Sometimes the films weren’t always thematic. Sometimes they were reflections of people. There were two films which were of two different elderly people living in Greater Vancouver. One was the first black quarterback in professional football. Another was of a woman who just turned 91. Both were nice stories to hear. There was even a film about children in a small town in the Northwest Territories. It was just them playing in the background as the stories they tell of themselves and their family are told. It was a simple film that’s a nice eye opener.

Then there were films that try to get creative. This is where the young directors started to have fun. One was a story of a hitman’s murder attempt with poisonous muffins gone wrong. Another of a toy car getting lost and going on an adventurous trip. Another an animated adventure of a polar bear. Even an animated story of a fish dinner gone awry. No major point to it. Just a chance to have some fun and even possibly make a future out of it.

The films either came from all over the world or were shot in many places around the world. It made for an eclectic look at the lives of young people from a global perspective. Needs and concerns differ from one place to the next but they all share that common desire for hope for the future. There were at least eight films from Canadian filmmakers. There were six of which that were done locally. There was even one that was done by New Westminster youth and shot in areas I frequently visit. That was the film where it appears they’re giving adults a glove. Then they show they’re spreading the love. It left me wondering when it was filmed and how I wasn’t there at the time. I’m sure if they gave me the glove at first, I too would think: “What on earth is this?”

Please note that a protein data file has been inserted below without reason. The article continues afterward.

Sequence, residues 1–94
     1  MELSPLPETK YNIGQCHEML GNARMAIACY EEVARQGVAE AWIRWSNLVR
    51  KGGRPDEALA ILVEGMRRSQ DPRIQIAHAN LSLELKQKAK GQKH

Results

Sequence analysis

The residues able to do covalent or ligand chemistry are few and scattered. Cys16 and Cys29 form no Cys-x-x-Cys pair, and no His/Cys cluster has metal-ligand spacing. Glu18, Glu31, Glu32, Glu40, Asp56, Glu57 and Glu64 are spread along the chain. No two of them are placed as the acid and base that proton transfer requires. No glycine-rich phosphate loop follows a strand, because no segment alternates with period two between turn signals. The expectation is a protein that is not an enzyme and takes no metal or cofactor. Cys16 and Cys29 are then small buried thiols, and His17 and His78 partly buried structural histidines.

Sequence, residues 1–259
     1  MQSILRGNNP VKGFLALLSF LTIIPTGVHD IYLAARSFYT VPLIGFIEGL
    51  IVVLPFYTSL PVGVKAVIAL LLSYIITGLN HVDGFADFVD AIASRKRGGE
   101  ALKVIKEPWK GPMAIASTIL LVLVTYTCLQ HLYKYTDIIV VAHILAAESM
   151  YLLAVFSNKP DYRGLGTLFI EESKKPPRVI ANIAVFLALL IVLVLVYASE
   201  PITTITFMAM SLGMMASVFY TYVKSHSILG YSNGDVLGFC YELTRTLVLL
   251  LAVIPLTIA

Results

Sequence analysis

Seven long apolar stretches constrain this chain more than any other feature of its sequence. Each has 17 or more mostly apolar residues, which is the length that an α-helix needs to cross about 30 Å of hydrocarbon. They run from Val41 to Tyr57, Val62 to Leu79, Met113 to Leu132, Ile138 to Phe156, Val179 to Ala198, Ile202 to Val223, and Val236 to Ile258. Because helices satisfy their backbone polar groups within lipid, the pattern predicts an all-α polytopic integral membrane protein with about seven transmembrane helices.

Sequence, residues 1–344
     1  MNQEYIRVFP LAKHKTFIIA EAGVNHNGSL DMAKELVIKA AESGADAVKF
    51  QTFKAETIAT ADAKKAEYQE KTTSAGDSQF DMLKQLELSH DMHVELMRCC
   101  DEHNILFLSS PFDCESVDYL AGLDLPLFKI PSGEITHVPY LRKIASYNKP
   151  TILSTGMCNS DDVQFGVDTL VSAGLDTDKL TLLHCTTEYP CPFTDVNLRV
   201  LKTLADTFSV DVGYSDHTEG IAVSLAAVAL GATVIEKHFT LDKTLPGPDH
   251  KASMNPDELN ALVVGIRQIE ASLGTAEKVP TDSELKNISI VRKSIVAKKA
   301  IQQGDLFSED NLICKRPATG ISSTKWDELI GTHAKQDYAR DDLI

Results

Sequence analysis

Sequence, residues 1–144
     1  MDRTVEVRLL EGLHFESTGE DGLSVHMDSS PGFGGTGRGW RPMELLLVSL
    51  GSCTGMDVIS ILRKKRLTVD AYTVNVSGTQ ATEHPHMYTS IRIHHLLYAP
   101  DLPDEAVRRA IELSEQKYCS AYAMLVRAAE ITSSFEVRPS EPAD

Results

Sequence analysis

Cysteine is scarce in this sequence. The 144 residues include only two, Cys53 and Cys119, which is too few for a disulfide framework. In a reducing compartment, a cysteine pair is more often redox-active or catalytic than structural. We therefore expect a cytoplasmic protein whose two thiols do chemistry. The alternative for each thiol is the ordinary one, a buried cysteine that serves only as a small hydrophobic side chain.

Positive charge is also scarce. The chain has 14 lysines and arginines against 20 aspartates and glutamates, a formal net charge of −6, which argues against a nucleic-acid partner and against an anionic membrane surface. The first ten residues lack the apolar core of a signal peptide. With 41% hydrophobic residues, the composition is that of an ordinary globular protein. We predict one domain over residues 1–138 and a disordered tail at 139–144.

Just like last year, they gave all the attendees a ballot to fill out of their Top 3 films and favorite local. It’s hard to play favorites but here’s what I voted for:

  1. Orchestra For A Dream – I rated it first because it had the best message of hope by showing a way out for disadvantaged youth.
  2. Sin Madre – The film of the young girls’ mother and the daughter’s admiration for her really made me like this a lot.
  3. What If There Was A Place? – Five Hamilton youth make their message heard that they demand to be taken seriously. Excellent two-minute film.
  • Best Local: And That’s Remarkable – A creative film that sends the message that you can either let bullying comments hurt you or you can defy them.

And there you go. That was the Reel Youth Film festival for this year. If you want to learn more about the Reel Youth Fest coming to your town or if you want to book a showing of your own, just go to the Reel Youth website.

It’s VIFF Time Again

CinemaYes, it’s that time of year again. The Vancouver International Film Festival will be back up and running. It will open Thursday September 25th and run until Friday October 10th.